mysqli wrapper class

I made the following class to wrap mysqli for PHP using prepared statements. It seems to work well, but I was hoping to get opinions (on overall structure, performance, usage, etc.). Thanks for the insight.

<?php
class database {
private $conn,$stmt, $arr,$eof=true, $error; public function __construct($host, $user,$pass, $db) {$this->conn = mysqli_connect($host,$user, $pass,$db);
if(mysqli_connect_errno()) $this->error = mysqli_connect_error(); } public function __destruct() { if($this->stmt) mysqli_stmt_close($this->stmt); mysqli_close($this->conn);
}

/** Executes a prepared SQL query on the database
*
* The second argument (optional) is the types list, followed by the parameters
* e.g. query('SELECT * FROM table WHERE id = ? OR name = ?', 'is', 5, 'Joe')
*
* @param string $query is the sql statement to execute * @return mixed false on error, * true on successful select, or * the number of affected rows */ public function query($query) {
// create a new prepared statement
$stmt = mysqli_prepare($this->conn, $query); if(!$stmt) {
$this->error = mysqli_error($this->conn);
return false;
}

// apply the arguments if any exist
if(func_num_args() > 2) {
$args = array_slice(func_get_args(), 1);$refs = array();
foreach($args as$key=>&$value)$refs[$key] = &$value;
call_user_func_array(array($stmt, 'bind_param'),$refs);
}

// run the query
$stmt->execute(); if($stmt->errno) {
$this->error = mysqli_error($this->conn);
return false;
}

// if the query was not a select, return the number of rows affected
if($stmt->affected_rows > -1) {$rows = $stmt->affected_rows; mysqli_stmt_close($stmt);
return $rows; } // close any previous statement if($this->stmt) mysqli_stmt_close($this->stmt);$this->stmt = $stmt;$this->eof = false;

// bind the results to the associative array
$this->arr = array();$refs = array();
$meta = mysqli_stmt_result_metadata($stmt);
while($column = mysqli_fetch_field($meta)) {
$refs[] = &$this->arr[str_replace(' ', '_', $column->name)]; } call_user_func_array(array($stmt, 'bind_result'), $refs); // make the first result set available$this->next();
return true;
}

// fetches the next row
public function next() {
if($this->stmt) {$ret = mysqli_stmt_fetch($this->stmt); // populates$this->arr
$this->eof = ($ret !== true);
if($ret === false)$this->error = mysqli_error($this->conn); } } // returns an associative array of the results public function results() { // must make a copy when returning the entire array because // the array holds references that may be updated$ret = array();
foreach($this->arr as$key=>$value)$ret[$key] =$value;
return $ret; } // return the value for the specified field public function result($field) { return $this->arr[$field]; }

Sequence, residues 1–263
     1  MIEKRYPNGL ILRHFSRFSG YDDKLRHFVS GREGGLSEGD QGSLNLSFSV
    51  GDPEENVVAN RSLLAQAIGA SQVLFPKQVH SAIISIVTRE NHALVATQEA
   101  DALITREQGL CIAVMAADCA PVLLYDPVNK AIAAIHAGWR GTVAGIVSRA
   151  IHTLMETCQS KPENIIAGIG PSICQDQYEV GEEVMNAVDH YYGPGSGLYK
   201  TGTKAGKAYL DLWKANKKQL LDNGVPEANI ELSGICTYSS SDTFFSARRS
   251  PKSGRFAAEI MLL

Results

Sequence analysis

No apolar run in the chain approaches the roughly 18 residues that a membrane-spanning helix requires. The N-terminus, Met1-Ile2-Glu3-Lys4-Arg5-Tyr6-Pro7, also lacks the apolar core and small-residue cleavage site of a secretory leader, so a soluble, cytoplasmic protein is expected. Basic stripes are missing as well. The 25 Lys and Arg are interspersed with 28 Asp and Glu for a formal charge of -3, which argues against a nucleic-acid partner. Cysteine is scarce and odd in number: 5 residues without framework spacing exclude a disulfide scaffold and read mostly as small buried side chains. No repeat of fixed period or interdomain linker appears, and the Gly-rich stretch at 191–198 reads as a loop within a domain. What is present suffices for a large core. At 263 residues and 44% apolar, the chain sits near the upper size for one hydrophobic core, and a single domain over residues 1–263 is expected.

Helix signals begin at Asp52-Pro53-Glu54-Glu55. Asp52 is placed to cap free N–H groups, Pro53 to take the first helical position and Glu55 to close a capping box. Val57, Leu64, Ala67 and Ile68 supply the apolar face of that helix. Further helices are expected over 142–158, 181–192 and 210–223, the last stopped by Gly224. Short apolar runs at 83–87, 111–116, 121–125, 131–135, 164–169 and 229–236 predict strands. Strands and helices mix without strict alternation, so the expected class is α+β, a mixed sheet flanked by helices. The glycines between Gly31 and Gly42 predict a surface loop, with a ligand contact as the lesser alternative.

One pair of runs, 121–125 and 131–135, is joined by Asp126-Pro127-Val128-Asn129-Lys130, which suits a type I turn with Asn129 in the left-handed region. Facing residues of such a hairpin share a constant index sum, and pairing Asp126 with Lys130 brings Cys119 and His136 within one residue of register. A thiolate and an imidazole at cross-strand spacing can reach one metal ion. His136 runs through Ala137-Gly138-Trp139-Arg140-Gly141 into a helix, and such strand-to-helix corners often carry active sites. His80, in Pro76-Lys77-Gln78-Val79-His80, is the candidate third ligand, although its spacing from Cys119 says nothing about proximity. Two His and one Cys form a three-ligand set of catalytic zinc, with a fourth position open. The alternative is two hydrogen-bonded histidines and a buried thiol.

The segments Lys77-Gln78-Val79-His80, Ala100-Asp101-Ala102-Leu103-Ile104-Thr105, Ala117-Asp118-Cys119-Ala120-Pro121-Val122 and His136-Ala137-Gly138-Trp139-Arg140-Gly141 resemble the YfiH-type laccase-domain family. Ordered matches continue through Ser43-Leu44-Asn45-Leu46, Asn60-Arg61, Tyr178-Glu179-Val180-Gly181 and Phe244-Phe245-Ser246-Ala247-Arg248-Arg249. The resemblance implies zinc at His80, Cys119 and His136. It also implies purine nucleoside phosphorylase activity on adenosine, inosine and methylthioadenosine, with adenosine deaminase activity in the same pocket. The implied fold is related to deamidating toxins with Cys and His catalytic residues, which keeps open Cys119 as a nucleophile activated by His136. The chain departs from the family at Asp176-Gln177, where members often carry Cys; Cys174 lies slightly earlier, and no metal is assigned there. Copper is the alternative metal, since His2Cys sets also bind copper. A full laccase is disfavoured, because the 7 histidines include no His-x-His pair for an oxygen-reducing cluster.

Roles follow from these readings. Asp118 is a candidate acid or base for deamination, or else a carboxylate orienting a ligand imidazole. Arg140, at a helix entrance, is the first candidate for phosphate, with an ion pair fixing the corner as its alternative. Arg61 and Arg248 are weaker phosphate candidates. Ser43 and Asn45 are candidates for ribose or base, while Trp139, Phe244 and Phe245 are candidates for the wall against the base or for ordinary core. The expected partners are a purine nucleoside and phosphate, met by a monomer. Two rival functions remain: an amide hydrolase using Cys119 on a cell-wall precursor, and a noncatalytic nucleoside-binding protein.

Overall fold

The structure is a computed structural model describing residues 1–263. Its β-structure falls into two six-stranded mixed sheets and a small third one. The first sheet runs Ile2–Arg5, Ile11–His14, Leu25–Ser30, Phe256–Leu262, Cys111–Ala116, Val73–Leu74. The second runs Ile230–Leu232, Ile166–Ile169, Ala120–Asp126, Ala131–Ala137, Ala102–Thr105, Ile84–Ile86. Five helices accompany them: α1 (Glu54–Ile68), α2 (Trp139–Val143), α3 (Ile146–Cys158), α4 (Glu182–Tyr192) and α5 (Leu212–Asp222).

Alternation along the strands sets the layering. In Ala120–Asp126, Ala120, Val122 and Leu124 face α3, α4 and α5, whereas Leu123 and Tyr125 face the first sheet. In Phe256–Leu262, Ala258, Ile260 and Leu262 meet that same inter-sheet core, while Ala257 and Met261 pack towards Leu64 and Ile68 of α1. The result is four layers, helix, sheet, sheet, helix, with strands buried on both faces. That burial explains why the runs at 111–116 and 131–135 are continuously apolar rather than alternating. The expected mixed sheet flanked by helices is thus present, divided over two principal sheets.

public function __get($field) { return$this->result($field); } // returns true if eof has occured or an error public function eof() { return$this->eof; }

// returns the number of rows in the result set
public function count() { return ($this->stmt ?$this->stmt->num_rows : 0); }

// returns the last error message, if clear is true, clears the error as well
public function error($clear=false) {$err = $this->error; if($clear) $this->error = ''; return$err;
}
}
?>


Instead of assigning your properties null or empty values from the start, just define them with no values. If they aren't initialized, then they will resolve to null. Although, from what I can tell, you aren't doing much checking of these properties anyways, so I don't understand why you had default values anyways. You really should be verifying these properties before you use them.

private
$conn,$stmt,
$arr,$eof=true,
$error ;  You should always specify the access level of your methods and properties (public, private, protected). You did fairly well with your properties, but then you ignore your methods. Sure, right now PHP defaults to making each of these methods public by default, but this will be deprecated before too much longer. Plan for the future and define them properly. Besides, this is just good coding practice. Always, always, always use braces on your statement. In languages such as Python, where braces don't exist, this is fine, but in PHP this is wrong. Even though PHP allows this syntax, even they say it is wrong, because it CAN cause issues with the code. Not to mention problems with reading the code. Its two characters, and doesn't hurt anything to add them, but it could cause all kinds of problems by not adding them. You do this quite a bit, so I wont point out each case. if(mysqli_connect_errno()) {$this->error = mysqli_connect_error(); }